Take your best shot

Would you rather live a life built on prominence or significance? To some people, achieving prominence is the ultimate definition of success. They enjoy fame, fortune and basking in the spotlight. Therefore, prominence often tends to be self-focused and measured by what we have accomplished. On the other hand, significance is about taking your talent and gifts and using them to positively impact others. As a result, significance is focused on making a difference in others’ lives.

Recently, I came across a few compelling questions, penned by Charles Shultz, creator of the comic strip Charlie Brown. As you read them, think again about living a life of prominence vs. significance.

1. Name the five wealthiest people in the world.

2. Name the last five Heisman trophy winners.

3. Name the last five winners of the Miss America pageant.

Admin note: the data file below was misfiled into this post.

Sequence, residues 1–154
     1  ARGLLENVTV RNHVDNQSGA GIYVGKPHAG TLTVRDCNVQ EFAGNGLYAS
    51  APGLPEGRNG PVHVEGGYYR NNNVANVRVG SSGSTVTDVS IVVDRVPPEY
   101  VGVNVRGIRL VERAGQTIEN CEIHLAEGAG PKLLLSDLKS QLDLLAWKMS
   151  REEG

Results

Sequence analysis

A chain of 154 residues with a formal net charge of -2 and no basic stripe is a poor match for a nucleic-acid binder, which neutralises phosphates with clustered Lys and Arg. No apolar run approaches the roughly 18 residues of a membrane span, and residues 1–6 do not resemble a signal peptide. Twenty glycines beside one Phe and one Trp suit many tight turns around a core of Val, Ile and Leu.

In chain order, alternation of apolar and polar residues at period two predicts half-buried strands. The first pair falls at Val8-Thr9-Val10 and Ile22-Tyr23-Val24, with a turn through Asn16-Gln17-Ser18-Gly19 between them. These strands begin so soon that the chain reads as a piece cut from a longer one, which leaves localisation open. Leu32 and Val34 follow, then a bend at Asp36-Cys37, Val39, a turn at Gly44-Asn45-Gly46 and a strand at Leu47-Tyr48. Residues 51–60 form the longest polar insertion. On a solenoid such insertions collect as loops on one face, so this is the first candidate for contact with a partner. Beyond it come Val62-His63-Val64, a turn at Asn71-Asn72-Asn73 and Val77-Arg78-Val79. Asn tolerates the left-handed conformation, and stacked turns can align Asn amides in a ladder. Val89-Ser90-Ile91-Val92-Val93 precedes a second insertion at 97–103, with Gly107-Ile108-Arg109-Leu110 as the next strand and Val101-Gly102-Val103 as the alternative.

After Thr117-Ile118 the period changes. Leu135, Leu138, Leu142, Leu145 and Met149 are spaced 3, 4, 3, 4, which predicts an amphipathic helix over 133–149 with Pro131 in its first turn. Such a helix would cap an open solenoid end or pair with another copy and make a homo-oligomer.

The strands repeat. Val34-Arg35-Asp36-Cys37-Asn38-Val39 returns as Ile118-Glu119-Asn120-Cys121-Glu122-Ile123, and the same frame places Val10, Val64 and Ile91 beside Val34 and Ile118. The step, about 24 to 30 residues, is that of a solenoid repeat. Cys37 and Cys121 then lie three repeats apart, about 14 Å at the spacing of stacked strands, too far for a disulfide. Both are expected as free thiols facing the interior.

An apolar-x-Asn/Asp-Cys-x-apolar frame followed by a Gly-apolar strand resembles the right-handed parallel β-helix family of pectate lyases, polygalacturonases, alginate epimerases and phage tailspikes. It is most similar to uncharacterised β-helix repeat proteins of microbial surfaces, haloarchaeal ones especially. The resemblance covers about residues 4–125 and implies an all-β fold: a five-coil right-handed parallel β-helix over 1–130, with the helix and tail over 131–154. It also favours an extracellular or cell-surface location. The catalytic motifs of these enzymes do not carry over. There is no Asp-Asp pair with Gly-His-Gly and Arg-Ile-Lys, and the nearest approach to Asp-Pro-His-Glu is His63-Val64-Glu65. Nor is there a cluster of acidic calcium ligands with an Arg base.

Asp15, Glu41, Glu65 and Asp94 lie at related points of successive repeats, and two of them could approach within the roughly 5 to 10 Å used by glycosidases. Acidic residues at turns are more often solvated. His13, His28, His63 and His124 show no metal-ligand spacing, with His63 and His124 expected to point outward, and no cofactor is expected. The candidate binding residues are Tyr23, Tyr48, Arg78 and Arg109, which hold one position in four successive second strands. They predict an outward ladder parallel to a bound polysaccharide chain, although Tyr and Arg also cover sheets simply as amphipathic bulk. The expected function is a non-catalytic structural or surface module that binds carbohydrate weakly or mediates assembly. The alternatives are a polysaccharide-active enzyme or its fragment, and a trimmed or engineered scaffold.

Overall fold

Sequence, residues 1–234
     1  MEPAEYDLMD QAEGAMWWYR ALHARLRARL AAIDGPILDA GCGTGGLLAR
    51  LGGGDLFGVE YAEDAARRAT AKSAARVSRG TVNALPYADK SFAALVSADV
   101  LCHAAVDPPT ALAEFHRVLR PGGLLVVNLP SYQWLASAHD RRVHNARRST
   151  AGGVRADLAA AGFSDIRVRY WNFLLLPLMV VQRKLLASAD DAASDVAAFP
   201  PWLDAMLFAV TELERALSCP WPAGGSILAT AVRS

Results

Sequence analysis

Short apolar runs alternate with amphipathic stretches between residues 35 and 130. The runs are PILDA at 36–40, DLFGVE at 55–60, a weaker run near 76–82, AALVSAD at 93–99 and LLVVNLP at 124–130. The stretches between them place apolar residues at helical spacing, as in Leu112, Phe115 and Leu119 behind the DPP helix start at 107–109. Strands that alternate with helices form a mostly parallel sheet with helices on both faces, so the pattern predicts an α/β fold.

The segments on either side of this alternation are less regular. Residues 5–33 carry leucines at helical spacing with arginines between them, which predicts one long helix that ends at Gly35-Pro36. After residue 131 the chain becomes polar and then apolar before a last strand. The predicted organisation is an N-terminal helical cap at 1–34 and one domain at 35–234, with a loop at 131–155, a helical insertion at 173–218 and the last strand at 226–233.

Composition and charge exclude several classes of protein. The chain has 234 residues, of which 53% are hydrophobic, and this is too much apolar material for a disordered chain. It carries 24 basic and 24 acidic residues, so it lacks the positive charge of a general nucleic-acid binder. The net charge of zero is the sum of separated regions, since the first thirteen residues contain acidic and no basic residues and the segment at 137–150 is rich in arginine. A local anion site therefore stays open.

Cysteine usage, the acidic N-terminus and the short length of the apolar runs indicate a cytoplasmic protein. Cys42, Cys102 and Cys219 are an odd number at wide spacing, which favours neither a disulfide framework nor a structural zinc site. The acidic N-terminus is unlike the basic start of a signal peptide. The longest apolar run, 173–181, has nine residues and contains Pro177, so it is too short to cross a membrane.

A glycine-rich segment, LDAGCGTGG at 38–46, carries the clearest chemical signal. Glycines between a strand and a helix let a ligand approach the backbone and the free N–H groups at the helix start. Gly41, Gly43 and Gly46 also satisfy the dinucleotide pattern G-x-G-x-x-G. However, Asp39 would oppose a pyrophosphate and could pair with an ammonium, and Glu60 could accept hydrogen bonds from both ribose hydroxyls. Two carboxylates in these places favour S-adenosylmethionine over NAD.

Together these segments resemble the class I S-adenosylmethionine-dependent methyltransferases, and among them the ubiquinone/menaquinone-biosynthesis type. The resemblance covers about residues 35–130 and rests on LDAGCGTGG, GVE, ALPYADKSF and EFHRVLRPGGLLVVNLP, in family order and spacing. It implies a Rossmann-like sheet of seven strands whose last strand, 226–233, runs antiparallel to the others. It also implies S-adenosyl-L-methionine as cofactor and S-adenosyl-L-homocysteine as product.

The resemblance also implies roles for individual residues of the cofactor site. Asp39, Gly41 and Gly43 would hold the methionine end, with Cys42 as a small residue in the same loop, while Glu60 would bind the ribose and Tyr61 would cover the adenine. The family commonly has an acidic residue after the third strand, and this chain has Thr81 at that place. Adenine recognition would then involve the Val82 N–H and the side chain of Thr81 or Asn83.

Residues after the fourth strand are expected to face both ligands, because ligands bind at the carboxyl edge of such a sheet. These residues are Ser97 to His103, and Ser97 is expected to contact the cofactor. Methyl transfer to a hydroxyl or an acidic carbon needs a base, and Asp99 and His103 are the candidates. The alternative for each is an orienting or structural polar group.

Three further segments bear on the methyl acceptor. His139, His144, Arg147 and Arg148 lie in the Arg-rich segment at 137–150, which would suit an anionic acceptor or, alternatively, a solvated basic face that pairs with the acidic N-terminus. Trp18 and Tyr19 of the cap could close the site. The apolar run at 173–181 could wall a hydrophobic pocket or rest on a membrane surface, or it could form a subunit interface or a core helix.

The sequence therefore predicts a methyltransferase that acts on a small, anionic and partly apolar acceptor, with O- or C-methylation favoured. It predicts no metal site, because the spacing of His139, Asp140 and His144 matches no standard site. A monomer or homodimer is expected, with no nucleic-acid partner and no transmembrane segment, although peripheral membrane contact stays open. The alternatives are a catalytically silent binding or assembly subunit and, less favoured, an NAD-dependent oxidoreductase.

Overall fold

4. Name ten people who have won the Nobel or Pulitzer Prize.

5. Name the last half-dozen Academy Award winners for best actor and actress.

6. Name the last decade’s worth of World Series winners.

How did you do?

The point is, very few of us remember who was prominent yesterday.

It is clear that awards tarnish and achievements quickly forgotten.

Even in a celebrity-obsessed society, prominence is fleeting.
Here are a few more questions. See how you do with these:

1. List a few teachers who aided your journey through school.

2. Name three friends who have helped you through a difficult time.

3. Name five people who have taught you something you have never forgotten.

4. Think of a few people who made you feel appreciated and believed in you.

5. Think of five people who have been an inspiration to you

I bet that was easier!

The lesson we can learn from this is that a life well lived is focused more on significance then prominence. Like you, I have the utmost respect for individuals that attain greatness in their chosen field. However, a person’s legacy is not built solely upon awards and accolades. What makes a person unforgettable is the impact they have made in the lives of others. My late friend Charlie Tremendous Jones used to say, “If your life does not make a difference, your absence won’t either!

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